April 12, 2018

Earlham College Gives Small Grants To Retain Students

Ninety percent of students at Richmond’s Earlham College receive some form of financial aid. - Courtesy Earlham College

Ninety percent of students at Richmond’s Earlham College receive some form of financial aid.

Courtesy Earlham College

A liberal arts college in Richmond is offering small grants to students who are in danger of withdrawing because of financial issues.

Ninety percent of students at Richmond’s Earlham College receive some form of financial aid.  But for senior Mariah Flynn, the help from the school, her parents, and working several jobs wasn’t enough.

She’s now one of the recipients of a new grant aimed at keeping students like her in school.  The $2,000 grant was enough to get the “hold” off her tuition account.

“A hold for us is anything over $1,000 that you haven’t paid off.  And that will keep you from registering for classes on pre-registration dates.  When I found out I was eligible for the grant, I was thinking to myself, like, ‘Any bit of money I can get to help me get off of the hold will be helpful.’”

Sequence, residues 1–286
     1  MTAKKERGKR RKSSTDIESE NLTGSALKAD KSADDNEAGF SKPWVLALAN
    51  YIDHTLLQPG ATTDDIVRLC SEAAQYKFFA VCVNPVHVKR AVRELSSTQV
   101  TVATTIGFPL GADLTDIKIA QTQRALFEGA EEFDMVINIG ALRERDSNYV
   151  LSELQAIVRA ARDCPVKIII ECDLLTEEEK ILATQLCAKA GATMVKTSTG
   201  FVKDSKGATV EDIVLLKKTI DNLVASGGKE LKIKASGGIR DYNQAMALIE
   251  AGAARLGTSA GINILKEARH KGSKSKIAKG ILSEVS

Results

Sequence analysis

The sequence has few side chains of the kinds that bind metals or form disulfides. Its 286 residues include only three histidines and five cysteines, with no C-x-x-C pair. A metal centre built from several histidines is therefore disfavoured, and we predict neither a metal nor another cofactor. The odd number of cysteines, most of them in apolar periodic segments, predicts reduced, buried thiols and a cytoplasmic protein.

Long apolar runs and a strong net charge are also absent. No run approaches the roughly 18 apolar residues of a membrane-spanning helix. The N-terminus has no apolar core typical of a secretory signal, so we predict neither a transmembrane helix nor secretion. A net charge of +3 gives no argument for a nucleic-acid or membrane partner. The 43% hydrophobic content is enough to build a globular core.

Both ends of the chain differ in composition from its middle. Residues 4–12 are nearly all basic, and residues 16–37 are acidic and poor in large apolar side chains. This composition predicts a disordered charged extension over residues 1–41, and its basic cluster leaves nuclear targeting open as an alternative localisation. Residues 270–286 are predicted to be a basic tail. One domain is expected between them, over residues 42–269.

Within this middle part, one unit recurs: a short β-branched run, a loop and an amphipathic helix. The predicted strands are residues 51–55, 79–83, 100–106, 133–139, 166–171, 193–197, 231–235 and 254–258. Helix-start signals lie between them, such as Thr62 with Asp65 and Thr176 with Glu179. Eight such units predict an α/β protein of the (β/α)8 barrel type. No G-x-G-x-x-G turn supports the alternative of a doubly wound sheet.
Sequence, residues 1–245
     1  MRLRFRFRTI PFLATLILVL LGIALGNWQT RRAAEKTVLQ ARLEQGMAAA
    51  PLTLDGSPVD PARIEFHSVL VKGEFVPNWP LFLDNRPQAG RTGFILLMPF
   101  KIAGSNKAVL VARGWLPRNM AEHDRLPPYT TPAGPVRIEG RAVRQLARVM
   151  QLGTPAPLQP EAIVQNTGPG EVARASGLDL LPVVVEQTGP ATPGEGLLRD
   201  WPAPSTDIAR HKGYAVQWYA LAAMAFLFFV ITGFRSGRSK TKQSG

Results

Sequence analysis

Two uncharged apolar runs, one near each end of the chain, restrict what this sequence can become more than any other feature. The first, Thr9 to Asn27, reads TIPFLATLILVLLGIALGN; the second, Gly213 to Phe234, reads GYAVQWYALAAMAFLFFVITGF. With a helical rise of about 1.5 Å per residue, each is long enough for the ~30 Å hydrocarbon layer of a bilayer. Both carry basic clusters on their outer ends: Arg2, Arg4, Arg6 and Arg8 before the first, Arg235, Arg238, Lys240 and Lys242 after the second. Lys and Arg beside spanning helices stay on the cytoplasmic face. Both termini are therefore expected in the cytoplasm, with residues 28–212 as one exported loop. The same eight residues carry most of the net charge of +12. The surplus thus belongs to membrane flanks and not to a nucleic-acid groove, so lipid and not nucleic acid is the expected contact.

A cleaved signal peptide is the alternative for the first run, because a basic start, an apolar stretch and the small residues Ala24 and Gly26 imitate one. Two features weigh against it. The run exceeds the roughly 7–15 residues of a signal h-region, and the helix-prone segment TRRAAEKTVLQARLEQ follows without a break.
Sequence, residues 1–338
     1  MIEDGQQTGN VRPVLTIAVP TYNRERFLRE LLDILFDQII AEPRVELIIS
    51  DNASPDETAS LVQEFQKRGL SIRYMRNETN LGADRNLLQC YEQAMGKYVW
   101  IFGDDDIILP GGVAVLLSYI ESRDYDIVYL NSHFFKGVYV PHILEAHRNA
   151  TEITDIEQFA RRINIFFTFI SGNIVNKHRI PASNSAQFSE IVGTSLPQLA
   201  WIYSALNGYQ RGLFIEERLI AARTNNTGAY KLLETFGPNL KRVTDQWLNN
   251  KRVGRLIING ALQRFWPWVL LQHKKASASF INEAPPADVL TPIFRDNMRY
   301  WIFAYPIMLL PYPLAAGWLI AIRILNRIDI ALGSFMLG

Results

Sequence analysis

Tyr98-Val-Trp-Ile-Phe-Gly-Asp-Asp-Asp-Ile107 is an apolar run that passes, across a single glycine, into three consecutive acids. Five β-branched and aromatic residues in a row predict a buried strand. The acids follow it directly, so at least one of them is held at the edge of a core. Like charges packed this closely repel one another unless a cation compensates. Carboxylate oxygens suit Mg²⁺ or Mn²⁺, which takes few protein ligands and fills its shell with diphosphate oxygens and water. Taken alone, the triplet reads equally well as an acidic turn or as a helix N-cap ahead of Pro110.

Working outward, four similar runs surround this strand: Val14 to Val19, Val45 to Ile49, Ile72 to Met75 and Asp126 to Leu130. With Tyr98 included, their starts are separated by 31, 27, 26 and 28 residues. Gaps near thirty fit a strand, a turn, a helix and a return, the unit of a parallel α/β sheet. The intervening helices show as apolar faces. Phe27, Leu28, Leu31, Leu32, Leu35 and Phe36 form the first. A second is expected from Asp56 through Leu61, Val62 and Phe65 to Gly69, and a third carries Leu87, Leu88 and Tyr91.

Earlham, a private liberal arts college started by Quakers in 1847, has a student body of about 1,000.  Tuition, room, and board will cost nearly $57,000 in the 2018-19 school year.

The school says more than 60 students will be getting grants that average $2,200.

Bonita Washington-Lacey is Earlham’s senior associate vice president of academic affairs.  She says she’s seen this particular need from students for several years.

“We’re convinced that if they are achieving academically, if they are contributing to the community, these are students we want to see complete their degrees.  And if we can remove some of the financial stressers toward doing that, they are able to focus more on their academic lives and not worry about paying that debt of difference in what they owe the college.”

Alumni donors have funded the financial assistance grants for the next three years.  Earlham officials say 71 percent of its students complete a degree in four years.

Support independent journalism today. You rely on WFYI to stay informed, and we depend on you to make our work possible. Donate to power our nonprofit reporting today. Give now.

 

 

Related News

Indiana Graduate Workers Coalition votes to suspend strike until the fall
Child care educators and advocates demand living wages, racial equity
Only two of nine school referendums fail to receive voter approval